Architecture is the main focus, I look for patterns, lines, structure, geometry, then I sit in front of my computer drawing and start fusing all the visual I have seen, into something, the first mock would be a cool structure , a piece of art, sculpture or a pile of garbage. I wait, I revisit and then I start seeing shapes, forms and I modify the shape again bearing in mind it has to be made and worn into a piece of jewellery.
The most valuable lesson you have learned?
Patience is key, I have been working around 3 years around this brand, and it is tough! I just recently launched the brand and probably many things will go wrong, its never a straight forward situation, but it is part of the process, and of course it only makes the foundations stronger and firmer. Patience is virtue.
How do you define luxury?
What fancies your tickle. Luxury can be simply enjoying some time to relax, vis-a-vis the brand of the jewellery. My designs are of high design and high quality, carefully made and it is marketed into certain niches, most pieces are ones off’s or very few of the same are produced.
Are you a realist or fantasist?
A bit of both, you have to be a realist when approaching certain business aspects, which directions to take, financial aspects, but then again I fantasise a lot while I am designing and where I would like to go, However, being too much of a realist might take away the fun from it.
Are there any materials and techniques that you prefer?
Silver and gold are best to work with because as a material they are already of certain value, very easy to work with, obviously 3D printing. I got to know about it at when I was at university in London, we had a very large machine and printed horribly unrefined plastic, but now it is a different story and nearly all work starts with 3D printing. Most of the designs cannot be achived without a 3D printing machine.
What are the opportunities and challenges for the firm Castillo on local and foreign markets?
I believe that the international market offers many more opportunities for Castillo collection from the local market. The small size of our country and market limitations does not offer great possibilities where one can tap. I also believe that the Maltese market is still quite conservative and not yet open for certa styles of designs. However, ic of our country small size offers a chance where one can experiment and where it can take in the potential product can offer. The international market offers much more openness. European markets as well as Eastern and China offer great opportunities. The biggest challenge to offer is the difficulty of arriving. The logistical and financial constraints are a huge challenge for someone like me.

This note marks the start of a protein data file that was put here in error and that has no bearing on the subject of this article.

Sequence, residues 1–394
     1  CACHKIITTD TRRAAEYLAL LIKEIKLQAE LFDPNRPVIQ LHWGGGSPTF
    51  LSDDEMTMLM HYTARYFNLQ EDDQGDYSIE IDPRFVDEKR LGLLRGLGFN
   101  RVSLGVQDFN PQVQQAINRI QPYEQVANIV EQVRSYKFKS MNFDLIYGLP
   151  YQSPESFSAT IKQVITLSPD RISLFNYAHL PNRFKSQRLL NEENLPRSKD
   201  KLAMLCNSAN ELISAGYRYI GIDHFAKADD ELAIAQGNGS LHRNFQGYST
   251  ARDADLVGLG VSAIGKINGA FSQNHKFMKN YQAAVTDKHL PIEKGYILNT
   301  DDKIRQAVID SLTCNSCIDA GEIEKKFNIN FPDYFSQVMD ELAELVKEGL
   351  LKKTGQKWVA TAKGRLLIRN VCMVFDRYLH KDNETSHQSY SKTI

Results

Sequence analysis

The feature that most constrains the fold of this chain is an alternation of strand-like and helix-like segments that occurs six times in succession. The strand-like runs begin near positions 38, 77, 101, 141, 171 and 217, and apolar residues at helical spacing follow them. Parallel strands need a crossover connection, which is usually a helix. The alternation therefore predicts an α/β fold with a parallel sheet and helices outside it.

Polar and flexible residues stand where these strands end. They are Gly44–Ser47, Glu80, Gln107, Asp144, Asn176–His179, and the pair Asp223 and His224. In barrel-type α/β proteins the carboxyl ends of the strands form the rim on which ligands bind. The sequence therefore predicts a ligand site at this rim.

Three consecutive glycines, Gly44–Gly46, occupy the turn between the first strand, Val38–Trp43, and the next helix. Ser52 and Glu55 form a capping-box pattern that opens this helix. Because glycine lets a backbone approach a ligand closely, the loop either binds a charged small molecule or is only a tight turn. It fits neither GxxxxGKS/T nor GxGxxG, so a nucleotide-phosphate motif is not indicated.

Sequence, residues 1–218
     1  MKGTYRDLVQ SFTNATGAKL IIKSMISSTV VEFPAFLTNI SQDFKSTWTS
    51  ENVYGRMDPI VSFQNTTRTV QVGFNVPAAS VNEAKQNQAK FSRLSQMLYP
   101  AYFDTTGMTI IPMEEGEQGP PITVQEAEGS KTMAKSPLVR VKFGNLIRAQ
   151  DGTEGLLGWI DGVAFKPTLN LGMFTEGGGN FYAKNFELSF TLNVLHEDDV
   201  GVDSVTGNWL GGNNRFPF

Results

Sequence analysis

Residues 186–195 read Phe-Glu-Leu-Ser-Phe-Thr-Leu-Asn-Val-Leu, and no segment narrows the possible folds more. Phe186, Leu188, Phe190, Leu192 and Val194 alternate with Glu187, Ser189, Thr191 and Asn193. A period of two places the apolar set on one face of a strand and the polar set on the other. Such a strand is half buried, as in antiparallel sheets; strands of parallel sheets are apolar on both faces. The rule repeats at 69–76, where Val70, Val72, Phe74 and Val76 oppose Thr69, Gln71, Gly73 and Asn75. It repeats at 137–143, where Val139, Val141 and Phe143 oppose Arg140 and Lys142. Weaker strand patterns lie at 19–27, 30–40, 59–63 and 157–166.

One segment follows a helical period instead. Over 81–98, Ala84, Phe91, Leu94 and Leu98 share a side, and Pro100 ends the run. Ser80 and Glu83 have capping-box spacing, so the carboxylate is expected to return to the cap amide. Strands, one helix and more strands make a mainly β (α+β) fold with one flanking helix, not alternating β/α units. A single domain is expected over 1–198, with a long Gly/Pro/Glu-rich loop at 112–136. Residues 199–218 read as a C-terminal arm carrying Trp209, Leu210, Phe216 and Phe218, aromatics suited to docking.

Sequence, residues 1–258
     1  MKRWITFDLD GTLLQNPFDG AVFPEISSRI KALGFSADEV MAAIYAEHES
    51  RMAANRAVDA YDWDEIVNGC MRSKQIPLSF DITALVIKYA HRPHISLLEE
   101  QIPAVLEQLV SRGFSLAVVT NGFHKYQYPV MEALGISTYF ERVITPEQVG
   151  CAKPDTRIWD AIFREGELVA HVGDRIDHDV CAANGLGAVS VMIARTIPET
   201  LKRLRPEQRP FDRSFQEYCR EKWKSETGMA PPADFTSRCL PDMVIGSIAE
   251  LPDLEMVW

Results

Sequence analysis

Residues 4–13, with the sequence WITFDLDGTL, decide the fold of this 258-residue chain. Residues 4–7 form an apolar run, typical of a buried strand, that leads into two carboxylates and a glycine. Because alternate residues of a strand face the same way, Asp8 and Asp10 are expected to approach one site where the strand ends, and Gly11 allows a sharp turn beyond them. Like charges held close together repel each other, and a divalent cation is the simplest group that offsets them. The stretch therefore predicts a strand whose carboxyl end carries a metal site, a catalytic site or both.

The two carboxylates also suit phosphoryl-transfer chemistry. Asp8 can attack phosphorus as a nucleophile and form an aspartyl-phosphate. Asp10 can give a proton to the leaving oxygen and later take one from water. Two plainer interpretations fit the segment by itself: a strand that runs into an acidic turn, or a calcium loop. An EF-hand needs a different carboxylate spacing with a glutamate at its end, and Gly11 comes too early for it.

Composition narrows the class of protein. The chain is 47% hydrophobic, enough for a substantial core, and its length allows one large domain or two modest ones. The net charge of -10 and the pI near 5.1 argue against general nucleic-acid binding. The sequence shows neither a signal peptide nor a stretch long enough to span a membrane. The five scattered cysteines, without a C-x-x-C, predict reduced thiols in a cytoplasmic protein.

Do you have a favorite quote?
I have a couple, depends on the situation, but if I had to choose one, ‘Never give up as you never know what’s round the corner’.
I am very intrigued with the idea of this collection and I am truly looking forward to witness it first hand, up close and personal. It sounds like an absolute unique and beautiful collection. Said collection is being exhibited as part of the Malta Fashion Week being held at Fort St. Elmo, Valletta and it will be available for viewing from Tuesday 23rd May till Friday 26th May.
So make a note and do not forget to check the Castillo exhibition during Malta Fashion Week and if you cannot make it I will be there so make sure to follow my socials Facebook and Instagram to see what’s going on.
Until next time,
Disclaimer : All photos in this post belong to Chris Castillo and cannot be copied, cropped or in any way modified without the owners confirmation. Chris Castillo sent me the photos for the purpose of this post.